Palestinian President Mahmoud Abbas said Tuesday he is ready to engage in talks with any Israeli government that "believes in peace".
"We are ready to sit to the negotiation table and our hands are always extended to negotiate," Abbas said in a statements in the West Bank city of Ramallah.
"We will not abandon our rights and will not accept the [U.S.-promoted] deal of the century," he said, referring to a back-channel for peace settlement between the Palestinians and Israel.
The terms of Washington's peace plan remain vague. However, according to recent speculations, Palestinian refugees will be asked to concede their right to return to historical Palestine, from which they were driven in 1948 to make way for the new state of Israel.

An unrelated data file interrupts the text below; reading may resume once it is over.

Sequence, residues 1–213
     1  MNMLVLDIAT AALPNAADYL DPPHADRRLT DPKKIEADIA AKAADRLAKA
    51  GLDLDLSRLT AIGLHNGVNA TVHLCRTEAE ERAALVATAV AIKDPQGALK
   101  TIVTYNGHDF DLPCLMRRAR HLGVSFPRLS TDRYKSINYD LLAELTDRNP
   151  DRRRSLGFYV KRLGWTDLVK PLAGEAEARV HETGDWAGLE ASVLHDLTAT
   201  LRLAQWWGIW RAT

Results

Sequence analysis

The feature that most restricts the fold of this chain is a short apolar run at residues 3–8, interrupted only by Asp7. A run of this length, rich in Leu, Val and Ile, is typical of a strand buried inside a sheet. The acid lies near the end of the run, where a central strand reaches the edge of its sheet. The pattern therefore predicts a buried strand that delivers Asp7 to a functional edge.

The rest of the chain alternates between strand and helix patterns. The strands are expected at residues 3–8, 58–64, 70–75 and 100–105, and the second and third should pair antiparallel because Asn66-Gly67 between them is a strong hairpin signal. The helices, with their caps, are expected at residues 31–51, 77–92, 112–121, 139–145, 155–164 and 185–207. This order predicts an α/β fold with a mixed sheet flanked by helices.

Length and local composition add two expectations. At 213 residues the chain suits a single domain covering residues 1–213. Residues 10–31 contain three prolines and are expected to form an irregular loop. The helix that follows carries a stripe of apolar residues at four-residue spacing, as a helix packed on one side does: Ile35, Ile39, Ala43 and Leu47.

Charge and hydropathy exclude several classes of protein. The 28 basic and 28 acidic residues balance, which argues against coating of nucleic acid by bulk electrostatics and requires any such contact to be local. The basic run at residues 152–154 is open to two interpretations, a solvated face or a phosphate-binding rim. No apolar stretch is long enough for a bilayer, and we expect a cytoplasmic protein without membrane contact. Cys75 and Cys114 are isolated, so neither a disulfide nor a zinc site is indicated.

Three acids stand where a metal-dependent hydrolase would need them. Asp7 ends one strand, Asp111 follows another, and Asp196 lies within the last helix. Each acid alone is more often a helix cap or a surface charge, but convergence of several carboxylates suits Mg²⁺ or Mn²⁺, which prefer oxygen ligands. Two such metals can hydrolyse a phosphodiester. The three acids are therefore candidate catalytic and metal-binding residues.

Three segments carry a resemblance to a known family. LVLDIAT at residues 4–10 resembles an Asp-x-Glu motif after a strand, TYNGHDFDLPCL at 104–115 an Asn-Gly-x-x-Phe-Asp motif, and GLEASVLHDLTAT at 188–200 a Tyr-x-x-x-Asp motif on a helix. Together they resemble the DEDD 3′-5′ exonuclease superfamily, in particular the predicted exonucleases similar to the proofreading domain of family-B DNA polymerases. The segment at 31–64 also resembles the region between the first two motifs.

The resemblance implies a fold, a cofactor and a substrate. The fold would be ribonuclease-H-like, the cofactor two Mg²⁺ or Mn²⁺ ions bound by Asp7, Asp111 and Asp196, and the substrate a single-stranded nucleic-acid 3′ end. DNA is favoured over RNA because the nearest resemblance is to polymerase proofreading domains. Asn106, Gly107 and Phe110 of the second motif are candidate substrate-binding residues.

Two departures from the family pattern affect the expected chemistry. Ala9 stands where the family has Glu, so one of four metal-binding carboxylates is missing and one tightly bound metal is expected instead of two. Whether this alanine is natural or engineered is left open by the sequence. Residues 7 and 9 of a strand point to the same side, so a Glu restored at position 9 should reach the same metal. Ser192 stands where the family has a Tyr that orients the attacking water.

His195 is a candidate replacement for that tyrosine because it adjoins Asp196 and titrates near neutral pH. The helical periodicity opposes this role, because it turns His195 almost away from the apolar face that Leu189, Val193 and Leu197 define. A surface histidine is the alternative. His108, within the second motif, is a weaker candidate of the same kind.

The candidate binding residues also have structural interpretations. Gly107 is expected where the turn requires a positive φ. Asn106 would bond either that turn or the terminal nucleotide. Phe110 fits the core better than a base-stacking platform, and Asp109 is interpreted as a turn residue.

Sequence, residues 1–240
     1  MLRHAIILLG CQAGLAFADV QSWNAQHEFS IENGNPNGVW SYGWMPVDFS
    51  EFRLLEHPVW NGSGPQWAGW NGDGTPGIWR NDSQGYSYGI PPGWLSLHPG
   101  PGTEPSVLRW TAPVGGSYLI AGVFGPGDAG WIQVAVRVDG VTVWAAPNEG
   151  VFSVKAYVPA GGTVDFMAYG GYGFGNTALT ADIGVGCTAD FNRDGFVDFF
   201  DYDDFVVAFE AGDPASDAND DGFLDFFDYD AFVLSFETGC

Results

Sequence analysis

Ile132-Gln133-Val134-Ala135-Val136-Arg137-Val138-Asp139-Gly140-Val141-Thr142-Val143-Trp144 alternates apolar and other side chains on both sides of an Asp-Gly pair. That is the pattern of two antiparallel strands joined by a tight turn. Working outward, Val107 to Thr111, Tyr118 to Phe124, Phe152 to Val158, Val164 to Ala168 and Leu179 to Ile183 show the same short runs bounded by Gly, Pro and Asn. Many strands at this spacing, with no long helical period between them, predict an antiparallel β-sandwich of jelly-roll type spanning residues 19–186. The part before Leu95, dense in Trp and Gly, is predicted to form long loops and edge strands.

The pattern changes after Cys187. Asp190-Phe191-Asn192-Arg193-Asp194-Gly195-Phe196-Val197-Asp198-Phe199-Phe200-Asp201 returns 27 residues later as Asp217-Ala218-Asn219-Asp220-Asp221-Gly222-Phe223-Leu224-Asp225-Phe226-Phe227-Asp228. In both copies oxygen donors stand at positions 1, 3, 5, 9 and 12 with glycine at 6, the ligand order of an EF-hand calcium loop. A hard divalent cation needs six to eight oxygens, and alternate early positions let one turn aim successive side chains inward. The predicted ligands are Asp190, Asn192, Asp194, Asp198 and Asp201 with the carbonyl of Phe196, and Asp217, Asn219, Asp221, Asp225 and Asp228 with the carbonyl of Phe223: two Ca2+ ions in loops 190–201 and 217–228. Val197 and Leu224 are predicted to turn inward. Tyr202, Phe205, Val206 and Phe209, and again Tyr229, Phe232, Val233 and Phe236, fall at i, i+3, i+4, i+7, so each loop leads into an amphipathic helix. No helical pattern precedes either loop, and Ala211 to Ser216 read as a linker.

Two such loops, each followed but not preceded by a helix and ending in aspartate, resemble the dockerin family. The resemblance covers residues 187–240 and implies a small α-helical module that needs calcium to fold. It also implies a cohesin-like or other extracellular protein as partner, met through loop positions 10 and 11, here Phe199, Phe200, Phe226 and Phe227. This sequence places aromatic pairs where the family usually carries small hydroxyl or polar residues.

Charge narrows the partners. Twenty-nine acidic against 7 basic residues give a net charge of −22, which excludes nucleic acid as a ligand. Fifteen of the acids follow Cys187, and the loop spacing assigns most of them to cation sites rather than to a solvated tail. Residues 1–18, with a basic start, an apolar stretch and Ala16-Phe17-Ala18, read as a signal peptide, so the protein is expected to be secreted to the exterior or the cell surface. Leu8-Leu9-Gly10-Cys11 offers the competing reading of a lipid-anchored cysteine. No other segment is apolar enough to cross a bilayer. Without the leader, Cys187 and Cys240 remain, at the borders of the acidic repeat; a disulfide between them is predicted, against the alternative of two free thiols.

Abbas has strenuously rejected the U.S. plan, describing it as the “slap of the century”.
Ever since U.S. President Donald Trump recognized Jerusalem as Israel’s capital in late 2017, Abbas has ruled out any role for the U.S. in the stalled Palestine-Israel peace process.
"We are open [to talks] if [Israel] accepted UN resolutions for peace. If not, we are steadfast until we regain our rights," Abbas stressed.
Abbas' statements came as Israeli voters cast their ballot on Tuesday to elect members of the Knesset (Israel's parliament).
Prime Minister Benjamin Netanyahu's right-wing Likud Party and Blue and White political alliance led by retired general Benny Gantz are the main rivals in the polls.
During his electoral campaign, Netanyahu vowed that “no single settler will be uprooted from the West Bank, which will remain under Israeli control, while Jerusalem will not be divided”.
U.S.-sponsored peace talks collapsed in 2014 over Israel's refusal to halt settlement building in the occupied West Bank.